| Authors||R. Turchetta, A. Fant, P. Gasiorek, C. Esbrand, J.A. Griffiths, M.G. Metaxas, G.J. Royle, R. Speller, C. Venanzi, P.F. van der Stelt, H. Verheij, G. Li, S. Theodoridis, H. Georgiou, D. Cavouras, G. Hall, M. Noy, J. Jones, J. Leaver, D. Machin, S. Greenwood, M. Khaleeq, H. Schulerud, J.M. Østby, F. Triantis, A. Asimidis, D. Bolanakis, N. Manthos, R. Longo, A. Bergamaschi|
|Title||CMOS Monolithic Active Pixel Sensors (MAPS): developments and future outlook|
|Journal||Nuclear Instruments & Methods in Physics Research Section A - Accelerators Spectrometers Detectors and Associated Equipment|
|Abstract||Re-invented in the early 1990s, on both sides of the Atlantic, Monolithic Active Pixel Sensors (MAPS) in a CMOS technology are today the most sold solid-state imaging devices, overtaking the traditional technology of Charge-Coupled Devices (CCD). The slow uptake of CMOS MAPS started with low-end applications, for example web-cams, and is slowly pervading the high-end applications, for example in prosumer digital cameras. Higher specifications are required for scientific applications: very low noise, high speed, high dynamic range, large format and radiation hardness are some of these requirements.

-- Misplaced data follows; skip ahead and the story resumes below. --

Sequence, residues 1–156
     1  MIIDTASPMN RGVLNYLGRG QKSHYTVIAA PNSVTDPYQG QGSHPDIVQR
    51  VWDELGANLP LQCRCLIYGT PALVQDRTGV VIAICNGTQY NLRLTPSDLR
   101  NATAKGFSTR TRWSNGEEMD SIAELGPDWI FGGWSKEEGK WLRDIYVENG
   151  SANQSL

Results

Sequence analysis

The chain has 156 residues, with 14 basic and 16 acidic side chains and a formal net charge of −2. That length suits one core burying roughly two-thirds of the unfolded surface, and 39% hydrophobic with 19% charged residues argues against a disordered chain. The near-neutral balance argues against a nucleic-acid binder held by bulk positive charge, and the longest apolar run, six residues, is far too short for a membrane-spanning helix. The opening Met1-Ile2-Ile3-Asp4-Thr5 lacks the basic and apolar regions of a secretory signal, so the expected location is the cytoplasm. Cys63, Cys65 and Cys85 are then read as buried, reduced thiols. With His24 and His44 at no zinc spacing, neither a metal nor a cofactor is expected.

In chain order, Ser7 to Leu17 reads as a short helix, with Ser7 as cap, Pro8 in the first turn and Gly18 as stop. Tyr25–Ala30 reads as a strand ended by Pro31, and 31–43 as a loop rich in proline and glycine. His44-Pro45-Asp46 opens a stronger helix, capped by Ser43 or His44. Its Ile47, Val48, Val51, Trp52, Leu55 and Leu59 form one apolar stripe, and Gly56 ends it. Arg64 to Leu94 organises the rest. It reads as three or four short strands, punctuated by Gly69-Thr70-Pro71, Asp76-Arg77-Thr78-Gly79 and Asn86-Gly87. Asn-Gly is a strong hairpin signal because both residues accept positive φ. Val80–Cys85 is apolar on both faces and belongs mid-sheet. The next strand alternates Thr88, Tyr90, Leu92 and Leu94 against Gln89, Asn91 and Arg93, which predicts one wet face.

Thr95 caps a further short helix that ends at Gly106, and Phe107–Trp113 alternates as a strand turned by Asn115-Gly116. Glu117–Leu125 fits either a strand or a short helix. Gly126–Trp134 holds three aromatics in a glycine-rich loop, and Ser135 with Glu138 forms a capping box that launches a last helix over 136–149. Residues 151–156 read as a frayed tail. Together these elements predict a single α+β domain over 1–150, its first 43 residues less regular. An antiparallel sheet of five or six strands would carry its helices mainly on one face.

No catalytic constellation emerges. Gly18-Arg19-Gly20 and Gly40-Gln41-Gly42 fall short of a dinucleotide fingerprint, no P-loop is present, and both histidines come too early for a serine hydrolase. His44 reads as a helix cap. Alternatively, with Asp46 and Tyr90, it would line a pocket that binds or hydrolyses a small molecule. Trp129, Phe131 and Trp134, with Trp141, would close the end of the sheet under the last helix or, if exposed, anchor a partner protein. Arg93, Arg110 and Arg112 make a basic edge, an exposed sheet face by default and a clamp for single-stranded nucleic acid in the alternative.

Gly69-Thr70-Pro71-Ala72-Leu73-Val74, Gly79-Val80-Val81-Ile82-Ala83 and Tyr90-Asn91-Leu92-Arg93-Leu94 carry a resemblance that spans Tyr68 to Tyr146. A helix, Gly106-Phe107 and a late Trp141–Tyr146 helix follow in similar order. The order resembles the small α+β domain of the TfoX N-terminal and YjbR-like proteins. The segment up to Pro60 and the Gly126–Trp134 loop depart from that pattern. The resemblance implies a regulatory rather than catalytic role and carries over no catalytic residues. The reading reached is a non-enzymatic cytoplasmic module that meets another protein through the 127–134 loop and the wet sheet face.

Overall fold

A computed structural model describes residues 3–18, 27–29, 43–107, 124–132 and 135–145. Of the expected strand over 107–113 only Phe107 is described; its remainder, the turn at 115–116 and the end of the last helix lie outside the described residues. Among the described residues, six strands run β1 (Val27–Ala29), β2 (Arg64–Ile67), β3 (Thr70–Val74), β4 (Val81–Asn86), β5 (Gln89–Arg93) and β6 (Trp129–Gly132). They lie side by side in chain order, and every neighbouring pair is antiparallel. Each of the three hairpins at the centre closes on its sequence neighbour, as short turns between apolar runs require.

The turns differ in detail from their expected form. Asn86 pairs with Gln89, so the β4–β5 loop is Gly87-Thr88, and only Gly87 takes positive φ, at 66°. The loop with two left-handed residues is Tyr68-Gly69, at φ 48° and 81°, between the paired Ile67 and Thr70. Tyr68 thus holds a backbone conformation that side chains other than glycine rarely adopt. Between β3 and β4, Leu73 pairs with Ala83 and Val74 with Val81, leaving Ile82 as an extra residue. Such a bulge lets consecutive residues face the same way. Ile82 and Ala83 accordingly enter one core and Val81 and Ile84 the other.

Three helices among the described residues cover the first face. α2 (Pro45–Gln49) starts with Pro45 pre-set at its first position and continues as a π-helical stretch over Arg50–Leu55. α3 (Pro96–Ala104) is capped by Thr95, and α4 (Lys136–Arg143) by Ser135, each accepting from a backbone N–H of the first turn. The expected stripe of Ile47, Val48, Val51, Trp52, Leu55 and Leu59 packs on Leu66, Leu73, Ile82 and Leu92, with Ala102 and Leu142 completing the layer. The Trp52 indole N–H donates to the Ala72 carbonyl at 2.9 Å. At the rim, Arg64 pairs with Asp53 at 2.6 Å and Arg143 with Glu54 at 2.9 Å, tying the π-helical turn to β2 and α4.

This paper will present a brief overview of the CMOS Image Sensor technology and of the requirements for scientific applications. As an example, a sensor for X-ray imaging will be presented. This sensor was developed within a European FP6 Consortium, intelligent imaging sensors (I-ImaS).|
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